Australia has some of the world’s most poisonous animals. One that poses a threat to our pets and our wildlife is the cane toad. Cane toads are most prevalent in the warmer months, although in tropical north Queensland they are present all year round.
The giant tropical cane toad was introduced to Australia to control the sugar cane beetle and has become a major pest in tropical areas. The toads excrete a potent and rapidly acting toxin from glands around the neck area. The effects of the toxin are hallucinogenic.
Cane toad poisoning in cats is rare. They seem to be more aware of the risks. Poisoning in dogs is more common, especially in puppies and terrier breeds as they find the movement of toads irresistible.
How does cane toad poisoning in dogs occur?
Cane toad poisoning in dogs occurs when a dog bites or licks a toad, the toxin is released from glands behind the neck and sticks to the gums and tongue of your pet. The toxin is rapidly absorbed across the membranes of the mouth. Symptoms depend on the amount of toxin absorbed and the length of time from when the pet was exposed to the toxin. Initially, pets will drool or froth, and potentially develop muscle tremors which progress to seizures and possibly cardiac arrest.
Signs of cane toad poisoning in dogs
There are a few symptoms of cane toad poisoning in dogs you could expect to see. These include:
- profuse salivation, drooling and/or frothing from the mouth
- very red and slimy gums
- pawing at the mouth
- shivers and/or tremors
- muscle rigidity or spasms
- convulsions or seizures
- very rapid heart rate and/or heartbeat irregularities
First aid measures
If you think your pet is experiencing cane toad poisoning and they display any of the symptoms listed above, these are some first aid measures you can follow to help them:
- Call your Greencross Vets clinic or your local Vet Emergency Care and advise them of the toad poisoning incident
- Using a wet cloth, gently and thoroughly wipe the inner surfaces of the mouth, that is the gums, tongue, and roof of the mouth as well as the outer surfaces of the mouth for 10 to 15 minutes, rinsing the cloth out after each wipe
- Washing of the mouth with a hose or tap is not recommended due to the possibility of water entering the lungs
- After this time, transport your dog for veterinary assessment. If you have multiple people with you, you should get a passenger to continue wiping out your pet’s mouth as described previously.
If your dog is exhibiting signs of toxicity as previously listed, more than just salivation, then it would be safest to take them straight to an emergency vet so they can be seen as soon as possible. Again, if multiple people are present, continue wipining out your pet’s mouth as described above in transit.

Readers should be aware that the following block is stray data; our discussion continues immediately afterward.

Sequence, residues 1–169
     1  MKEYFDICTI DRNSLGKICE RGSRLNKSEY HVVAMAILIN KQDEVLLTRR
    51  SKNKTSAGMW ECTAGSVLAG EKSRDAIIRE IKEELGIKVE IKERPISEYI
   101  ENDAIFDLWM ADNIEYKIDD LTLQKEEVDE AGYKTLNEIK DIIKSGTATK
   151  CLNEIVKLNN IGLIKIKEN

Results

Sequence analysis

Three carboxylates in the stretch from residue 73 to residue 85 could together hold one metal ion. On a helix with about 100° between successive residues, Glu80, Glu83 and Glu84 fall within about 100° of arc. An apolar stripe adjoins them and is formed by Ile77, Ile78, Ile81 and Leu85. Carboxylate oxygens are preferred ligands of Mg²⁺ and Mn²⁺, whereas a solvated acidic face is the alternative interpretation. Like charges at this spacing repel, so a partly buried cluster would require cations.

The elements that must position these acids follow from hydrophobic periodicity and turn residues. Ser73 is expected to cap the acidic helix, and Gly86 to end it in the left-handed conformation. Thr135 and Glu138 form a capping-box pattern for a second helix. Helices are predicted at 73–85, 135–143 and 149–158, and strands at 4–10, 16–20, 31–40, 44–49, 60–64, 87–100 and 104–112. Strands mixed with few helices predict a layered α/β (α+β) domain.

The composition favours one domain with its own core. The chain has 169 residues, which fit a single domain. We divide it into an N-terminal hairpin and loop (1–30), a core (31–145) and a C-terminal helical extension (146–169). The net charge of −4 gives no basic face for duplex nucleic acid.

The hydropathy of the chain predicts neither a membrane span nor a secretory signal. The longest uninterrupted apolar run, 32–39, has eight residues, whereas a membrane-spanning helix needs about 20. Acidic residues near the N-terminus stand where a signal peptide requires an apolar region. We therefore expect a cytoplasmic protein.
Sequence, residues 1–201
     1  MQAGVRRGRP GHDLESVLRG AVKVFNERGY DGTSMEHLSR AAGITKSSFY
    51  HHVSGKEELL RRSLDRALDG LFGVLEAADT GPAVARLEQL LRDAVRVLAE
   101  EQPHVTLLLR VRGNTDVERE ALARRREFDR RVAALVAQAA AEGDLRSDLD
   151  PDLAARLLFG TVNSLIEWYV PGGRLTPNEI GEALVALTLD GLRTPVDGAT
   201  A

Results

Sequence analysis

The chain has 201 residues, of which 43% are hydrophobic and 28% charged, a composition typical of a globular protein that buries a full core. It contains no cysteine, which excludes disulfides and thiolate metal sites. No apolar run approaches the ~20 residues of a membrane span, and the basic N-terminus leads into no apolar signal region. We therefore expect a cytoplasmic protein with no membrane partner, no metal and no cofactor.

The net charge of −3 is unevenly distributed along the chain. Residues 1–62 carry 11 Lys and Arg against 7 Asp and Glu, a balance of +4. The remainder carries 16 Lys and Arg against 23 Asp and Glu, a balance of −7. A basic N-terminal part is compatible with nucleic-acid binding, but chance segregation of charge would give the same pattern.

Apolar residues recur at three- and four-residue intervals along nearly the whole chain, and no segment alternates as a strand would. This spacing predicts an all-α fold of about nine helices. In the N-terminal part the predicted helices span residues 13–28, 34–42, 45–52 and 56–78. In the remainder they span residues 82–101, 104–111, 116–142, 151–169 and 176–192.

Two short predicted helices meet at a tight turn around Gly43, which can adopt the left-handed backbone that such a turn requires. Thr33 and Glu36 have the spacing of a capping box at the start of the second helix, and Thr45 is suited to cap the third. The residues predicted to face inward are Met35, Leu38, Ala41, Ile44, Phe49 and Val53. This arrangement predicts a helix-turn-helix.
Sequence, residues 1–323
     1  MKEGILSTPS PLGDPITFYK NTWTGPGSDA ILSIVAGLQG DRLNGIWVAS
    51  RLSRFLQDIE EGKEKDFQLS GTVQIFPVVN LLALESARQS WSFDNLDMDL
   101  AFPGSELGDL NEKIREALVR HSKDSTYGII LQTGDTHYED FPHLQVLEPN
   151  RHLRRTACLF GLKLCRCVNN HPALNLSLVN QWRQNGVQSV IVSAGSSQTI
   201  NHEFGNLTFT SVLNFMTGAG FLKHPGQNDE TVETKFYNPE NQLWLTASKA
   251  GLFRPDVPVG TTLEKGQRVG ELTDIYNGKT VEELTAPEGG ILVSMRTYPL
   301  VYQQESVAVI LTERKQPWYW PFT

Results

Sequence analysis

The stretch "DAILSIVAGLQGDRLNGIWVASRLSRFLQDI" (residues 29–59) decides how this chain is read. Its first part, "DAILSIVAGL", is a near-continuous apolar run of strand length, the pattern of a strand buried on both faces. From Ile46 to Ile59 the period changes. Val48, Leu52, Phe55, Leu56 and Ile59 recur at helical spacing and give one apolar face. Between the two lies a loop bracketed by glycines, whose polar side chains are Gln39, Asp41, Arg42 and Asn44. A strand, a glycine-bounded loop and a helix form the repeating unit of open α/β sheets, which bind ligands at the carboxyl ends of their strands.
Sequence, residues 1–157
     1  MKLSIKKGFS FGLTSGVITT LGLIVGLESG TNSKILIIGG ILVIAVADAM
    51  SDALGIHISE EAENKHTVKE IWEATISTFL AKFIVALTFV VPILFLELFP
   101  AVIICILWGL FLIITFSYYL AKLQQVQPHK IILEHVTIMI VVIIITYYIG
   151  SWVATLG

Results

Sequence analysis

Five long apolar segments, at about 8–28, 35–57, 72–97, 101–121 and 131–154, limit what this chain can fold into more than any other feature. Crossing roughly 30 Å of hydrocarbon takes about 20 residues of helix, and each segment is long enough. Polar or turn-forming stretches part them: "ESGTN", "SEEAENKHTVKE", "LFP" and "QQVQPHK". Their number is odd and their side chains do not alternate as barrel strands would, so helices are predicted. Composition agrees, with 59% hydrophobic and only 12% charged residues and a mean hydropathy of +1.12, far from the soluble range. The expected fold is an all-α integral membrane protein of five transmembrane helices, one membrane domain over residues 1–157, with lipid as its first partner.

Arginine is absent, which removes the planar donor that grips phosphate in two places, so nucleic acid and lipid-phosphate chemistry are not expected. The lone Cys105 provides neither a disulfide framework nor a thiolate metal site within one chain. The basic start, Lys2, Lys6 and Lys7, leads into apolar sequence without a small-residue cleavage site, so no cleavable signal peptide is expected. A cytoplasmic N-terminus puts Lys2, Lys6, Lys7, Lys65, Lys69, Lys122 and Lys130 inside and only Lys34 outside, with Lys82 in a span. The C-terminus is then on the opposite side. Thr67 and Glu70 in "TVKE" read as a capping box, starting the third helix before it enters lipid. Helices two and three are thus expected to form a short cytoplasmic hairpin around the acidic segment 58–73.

If your dog is unconscious or seizuring then do not attempt to wipe the mouth, just take them straight to an emergency vet, calling them en route.
When to seek veterinary attention
In mild cases, these first aid measures is all that will be necessary, but you should watch your pet carefully for a few hours after contact with the toad. If there is any worsening of symptoms, such as disorientation, shivers, tremors or muscle stiffness, you should seek veterinary help immediately. Contact your local Greencross Vets if you suspect cane toad poisoning in your pet.
Cane Toad Poisoning FAQs
How long does cane toad poisoning take in dogs?
In general toxic effect signs can be seen within 30-60 minutes of contact, however, the amount of time it takes for dogs to start showing symptoms can vary depending on the amount of toxin they have ingested. This time frame can span anywhere between several minutes to hours, so it’s important to keep a close eye on your dog if you suspect they may have come into contact with a cane toad and always seek veterinary assessment.
How long can cane toad poisoning last in dogs?
Cane toad poisoning can result in mild reactions or progress to very serious symptoms depending on the amount of toxin your dog has ingested from a cane toad. The effects of cane toad poisoning can vary and the length of time it takes to completely rid of the toxin will depend on numerous factors, like the size of your dog or the amount of toxin they have ingested, so it’s important that if your dog is showing symptoms that you seek veterinary advice.
How is cane toad poisoning treated?
There is no specific antidote for cane toad toxin so treatment is focused on decontamination, by removing as much toxin as possible from the mouth, and if already absorbed and symptoms present, supportive care is provided by your vet, supporting the body by providing IV fluids to clear the toxin as quick as possible and manage any side effects the toxin has caused such as heart, respiratory or neurological signs. Immediate treatment of flushing the mouth as described above is the best thing that can be done at home followed by contacting your vet and taking your dog to them, where they can provide further care if needed.
Can cane toad poisoning kill dogs?
If enough of the toxin is absorbed, cane toad poisoning can result in death, which is why it is important to treat your dog immediately and seek veterinary assessment.
What happens if my dog eats a cane toad?
Eating a cane toad will result in the toxin absorbing much quicker than just licking, so if your dog has bitten or consumed a cane toad, it is essential that you take them to a vet immediately.
What to do if you see a cane toad in your backyard
If you are aware of cane toads in your backyard, you should first ensure any pets or children do not access the area or come into contact with them. As cane toads are classified as a pest and a threat to Australia’s ecosystem, you may wish to humanely euthanise any cane toads you may find in your backyard. If you are unsure or need assistance with this, you can contact your local council to get appropriate contacts for cane toad removalists to get rid of the toads for you.